Serious Eats / Amanda Suarez

If you’re an avid cook, I’m going to guess that you sometimes make your own stock; you may even have a quart or two in your refrigerator or freezer right now. Chances are good that it’s chicken stock, or maybe turkey. Having homemade pork stock on hand is a less likely scenario, but I aim here to change that by sharing this Thai pork stock recipe, known as nam cheua gradook moo. This clear, umami-rich stock is just as easy to make as chicken stock and it serves as the backbone (literally) to some of the tastiest noodle soups you’ll ever eat, such as guaydtiaao tom yam moo saap (tom yam noodle soup with minced pork) and guaydtiaao nam moo (thai clear pork noodle soup).

To make this stock, I use pork backbone, also known as pork spine, because it has a great meat-to-bone ratio. The meat provides flavor and the bones are high in collagen, which gives the stock body without requiring an all-day simmer. Your butcher will often have pork spine; just make sure to ask them to slice it for you on the bandsaw into 2-inch pieces. If you are unable to find pork spine, pork neck bones are a great alternative.

Serious Eats / Amanda Suarez

The first step is to boil the bones for about 5 minutes, and then drain them, discarding the cloudy boiled liquid. This is known as blanching the bones and this step removes most unwanted impurities and blood from the bones. Next, the bones and the pot both need to be washed. This might seem like a fussy extra step, but getting rid of any gunk and scum that clings to the bottom and sides of the pot as well as to the bones goes a long way toward achieving a beautifully clear broth. 

The clean bones are then added back to the clean pot, covered with water, and simmered on their own before aromatics are added. I prefer to add the aromatics later in the simmering process to preserve their unique characteristics—cooking them too long can muddy their flavor. As an added bonus, adding aromatics later on makes skimming excess gunk easier and yields a clearer soup.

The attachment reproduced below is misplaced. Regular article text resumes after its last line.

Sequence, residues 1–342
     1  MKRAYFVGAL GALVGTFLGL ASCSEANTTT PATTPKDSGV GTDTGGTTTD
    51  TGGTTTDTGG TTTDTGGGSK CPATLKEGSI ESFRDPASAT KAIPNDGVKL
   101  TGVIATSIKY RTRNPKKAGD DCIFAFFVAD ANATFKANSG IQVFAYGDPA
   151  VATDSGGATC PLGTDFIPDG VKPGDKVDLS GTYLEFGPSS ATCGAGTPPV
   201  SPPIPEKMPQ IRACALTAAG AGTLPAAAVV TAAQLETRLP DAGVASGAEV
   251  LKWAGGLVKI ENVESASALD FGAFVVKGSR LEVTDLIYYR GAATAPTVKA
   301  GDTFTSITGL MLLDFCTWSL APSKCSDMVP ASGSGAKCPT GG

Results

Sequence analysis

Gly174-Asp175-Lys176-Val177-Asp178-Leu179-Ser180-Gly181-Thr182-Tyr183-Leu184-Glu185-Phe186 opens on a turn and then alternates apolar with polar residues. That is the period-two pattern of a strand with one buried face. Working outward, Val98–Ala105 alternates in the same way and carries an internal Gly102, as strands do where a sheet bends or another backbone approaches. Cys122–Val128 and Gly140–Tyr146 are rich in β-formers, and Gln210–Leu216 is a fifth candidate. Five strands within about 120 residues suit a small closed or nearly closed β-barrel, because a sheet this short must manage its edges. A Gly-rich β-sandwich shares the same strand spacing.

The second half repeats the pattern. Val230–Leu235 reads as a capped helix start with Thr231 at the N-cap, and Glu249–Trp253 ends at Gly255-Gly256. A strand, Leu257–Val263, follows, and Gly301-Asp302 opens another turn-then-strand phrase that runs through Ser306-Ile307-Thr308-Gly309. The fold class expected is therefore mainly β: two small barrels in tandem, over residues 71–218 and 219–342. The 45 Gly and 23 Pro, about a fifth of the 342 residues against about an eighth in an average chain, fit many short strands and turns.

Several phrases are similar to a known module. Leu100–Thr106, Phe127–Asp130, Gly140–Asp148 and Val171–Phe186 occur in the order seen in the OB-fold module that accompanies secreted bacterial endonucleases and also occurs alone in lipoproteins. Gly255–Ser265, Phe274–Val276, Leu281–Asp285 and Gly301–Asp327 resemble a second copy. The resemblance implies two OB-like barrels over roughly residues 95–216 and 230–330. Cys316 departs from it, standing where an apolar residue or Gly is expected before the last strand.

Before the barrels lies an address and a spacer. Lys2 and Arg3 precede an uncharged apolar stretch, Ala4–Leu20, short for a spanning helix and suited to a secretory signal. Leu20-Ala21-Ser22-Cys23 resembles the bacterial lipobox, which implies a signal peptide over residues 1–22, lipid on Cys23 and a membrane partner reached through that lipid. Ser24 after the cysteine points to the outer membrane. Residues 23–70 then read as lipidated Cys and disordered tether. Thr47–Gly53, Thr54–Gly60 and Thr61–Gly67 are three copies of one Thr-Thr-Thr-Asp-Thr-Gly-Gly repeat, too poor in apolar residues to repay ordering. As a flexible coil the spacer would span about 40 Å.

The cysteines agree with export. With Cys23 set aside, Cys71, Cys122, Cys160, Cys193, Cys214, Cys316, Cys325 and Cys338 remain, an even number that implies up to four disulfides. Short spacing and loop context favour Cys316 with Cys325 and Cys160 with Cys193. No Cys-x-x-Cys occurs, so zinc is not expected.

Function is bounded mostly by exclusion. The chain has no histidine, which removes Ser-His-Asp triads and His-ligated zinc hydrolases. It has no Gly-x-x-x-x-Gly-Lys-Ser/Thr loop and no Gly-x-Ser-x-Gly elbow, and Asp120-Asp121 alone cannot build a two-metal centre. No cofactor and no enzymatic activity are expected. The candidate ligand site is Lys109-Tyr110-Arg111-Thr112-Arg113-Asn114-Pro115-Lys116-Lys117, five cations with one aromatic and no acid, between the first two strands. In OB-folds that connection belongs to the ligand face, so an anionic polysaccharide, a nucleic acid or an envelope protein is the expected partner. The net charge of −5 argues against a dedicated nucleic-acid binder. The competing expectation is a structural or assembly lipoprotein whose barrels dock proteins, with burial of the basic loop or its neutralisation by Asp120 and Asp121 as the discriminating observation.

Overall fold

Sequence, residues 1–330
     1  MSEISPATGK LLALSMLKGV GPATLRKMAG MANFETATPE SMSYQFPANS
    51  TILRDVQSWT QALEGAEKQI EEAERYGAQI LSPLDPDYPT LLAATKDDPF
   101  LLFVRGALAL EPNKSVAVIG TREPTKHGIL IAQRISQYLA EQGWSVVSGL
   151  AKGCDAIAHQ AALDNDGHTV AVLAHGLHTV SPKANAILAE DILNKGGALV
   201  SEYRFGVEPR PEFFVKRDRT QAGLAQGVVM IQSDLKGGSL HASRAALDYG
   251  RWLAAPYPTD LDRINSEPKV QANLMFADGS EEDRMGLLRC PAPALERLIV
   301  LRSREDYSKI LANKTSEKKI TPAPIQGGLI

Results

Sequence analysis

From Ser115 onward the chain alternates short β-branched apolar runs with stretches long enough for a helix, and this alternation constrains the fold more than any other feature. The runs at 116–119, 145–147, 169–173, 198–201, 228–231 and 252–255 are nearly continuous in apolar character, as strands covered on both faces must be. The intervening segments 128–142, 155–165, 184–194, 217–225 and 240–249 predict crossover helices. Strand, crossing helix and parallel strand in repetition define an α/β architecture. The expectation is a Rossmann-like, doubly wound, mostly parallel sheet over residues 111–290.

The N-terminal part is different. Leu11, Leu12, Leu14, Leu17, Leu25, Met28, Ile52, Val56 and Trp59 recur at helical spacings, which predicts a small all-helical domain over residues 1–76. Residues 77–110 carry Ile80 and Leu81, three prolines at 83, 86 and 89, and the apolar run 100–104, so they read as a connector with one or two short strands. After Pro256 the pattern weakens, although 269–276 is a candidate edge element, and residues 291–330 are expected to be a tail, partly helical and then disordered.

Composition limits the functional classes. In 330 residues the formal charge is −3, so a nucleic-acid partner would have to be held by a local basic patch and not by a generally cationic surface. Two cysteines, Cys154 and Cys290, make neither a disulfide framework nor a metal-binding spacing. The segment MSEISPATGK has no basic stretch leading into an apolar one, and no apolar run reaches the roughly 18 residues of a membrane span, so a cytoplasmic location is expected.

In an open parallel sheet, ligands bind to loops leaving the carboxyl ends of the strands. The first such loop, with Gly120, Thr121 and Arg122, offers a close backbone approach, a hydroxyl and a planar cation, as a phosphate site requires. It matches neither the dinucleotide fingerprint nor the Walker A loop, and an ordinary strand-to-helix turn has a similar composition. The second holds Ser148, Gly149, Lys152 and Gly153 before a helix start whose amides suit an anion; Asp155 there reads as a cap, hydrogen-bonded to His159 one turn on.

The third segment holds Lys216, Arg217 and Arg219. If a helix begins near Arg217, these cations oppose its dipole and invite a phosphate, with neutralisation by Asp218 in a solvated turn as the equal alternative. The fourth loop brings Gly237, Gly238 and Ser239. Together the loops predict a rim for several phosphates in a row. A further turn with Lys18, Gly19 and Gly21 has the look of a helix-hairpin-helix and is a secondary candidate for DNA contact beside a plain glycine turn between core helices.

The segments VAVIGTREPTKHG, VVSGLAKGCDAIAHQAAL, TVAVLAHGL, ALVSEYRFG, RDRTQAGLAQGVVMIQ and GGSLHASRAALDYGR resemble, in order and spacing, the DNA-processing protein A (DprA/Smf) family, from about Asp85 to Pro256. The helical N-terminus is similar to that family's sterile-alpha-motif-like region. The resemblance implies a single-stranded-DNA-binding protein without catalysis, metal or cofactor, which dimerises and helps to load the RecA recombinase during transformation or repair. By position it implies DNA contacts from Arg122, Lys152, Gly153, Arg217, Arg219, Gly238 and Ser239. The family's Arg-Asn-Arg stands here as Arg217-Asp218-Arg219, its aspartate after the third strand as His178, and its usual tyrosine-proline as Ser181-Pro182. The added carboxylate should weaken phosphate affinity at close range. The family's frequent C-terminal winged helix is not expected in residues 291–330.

Serious Eats / Amanda Suarez

The aromatics used for this Thai pork broth are similar to those used for Chinese-style pork stock. Ginger is often described in both cuisines as a deodorizer for meats like pork, a common practice in Chinese cooking. Daikon, a vegetable that is irreplaceable in this stock, helps build an important layer of umami in the stock thanks to its natural glutamic acid content. The trio of garlic, cilantro root, and white pepper is a quintessential flavor combination used in Thai dishes for centuries, and scallions provide subtle sweetness. 

Once the stock is finished, all you need to do is strain and cool it. Skimming off the layer of fat is optional but I recommend not just removing the surface fat but also saving it. Because the fat carries most of the aromatic flavor, it’s great for using as a cooking fat; try it in your next stir-fry to appreciate its savory depth.

In a large stock pot, combine pork backbone pieces with water to cover and bring to a boil over high heat. Boil for 5 minutes and then drain into a colander set in the sink. Wash the pot and bones of any excess scum.

Serious Eats / Amanda Suarez

Return the pork to the cleaned stock pot, add 4 quarts water along with the salt, and bring to a simmer. Simmer for 1 hour, skimming any scum that rises to the surface. After 1 hour, add daikon, scallions, garlic, ginger, cilantro roots or stems, and white peppercorns and continue simmering until stock is reduced by half (about 2 quarts (2L)), about 1 hour longer. 

Serious Eats / Amanda Suarez

Strain stock through a fine-mesh strainer set over a large bowl or second pot and let cool. If stock has over-reduced, add water to bring total volume to 2 quarts (2L). Let cool to room temperature then transfer to containers and refrigerate until completely chilled, about 6 hours. Skim off and remove any fat on the surface, if desired (fat can be refrigerated or frozen for another use). Refrigerate stock for up to 5 days or freeze for up to 6 months.

Serious Eats / Amanda Suarez

Special Equipment

Large stock pot, fine-mesh strainer,


Ask your butcher to cut the backbone; they will have a bandsaw that will make quick work of it. If you can’t find pork backbone, neckbones are a good substitute.

The roots of fresh cilantro (known as coriander outside the U.S.) provide a slight herbal note to dishes but are unfortunately hard to find in the States, as they are often removed from the stems before going to market (though local farmers’ markets in the summer and fall often have cilantro with the roots still attached). Coriander roots can also be found in Southeast Asian markets. If you can’t find the herb with the roots still attached, you can either replace it with an equal weight of tender stems or omit it altogether. And, to clarify, although they are called coriander “roots,” Thai cooks usually also use some of the tender green stems.

Make-Ahead and Storage

Pork stock can be refrigerated for up to 5 days or frozen for up to 6 months.

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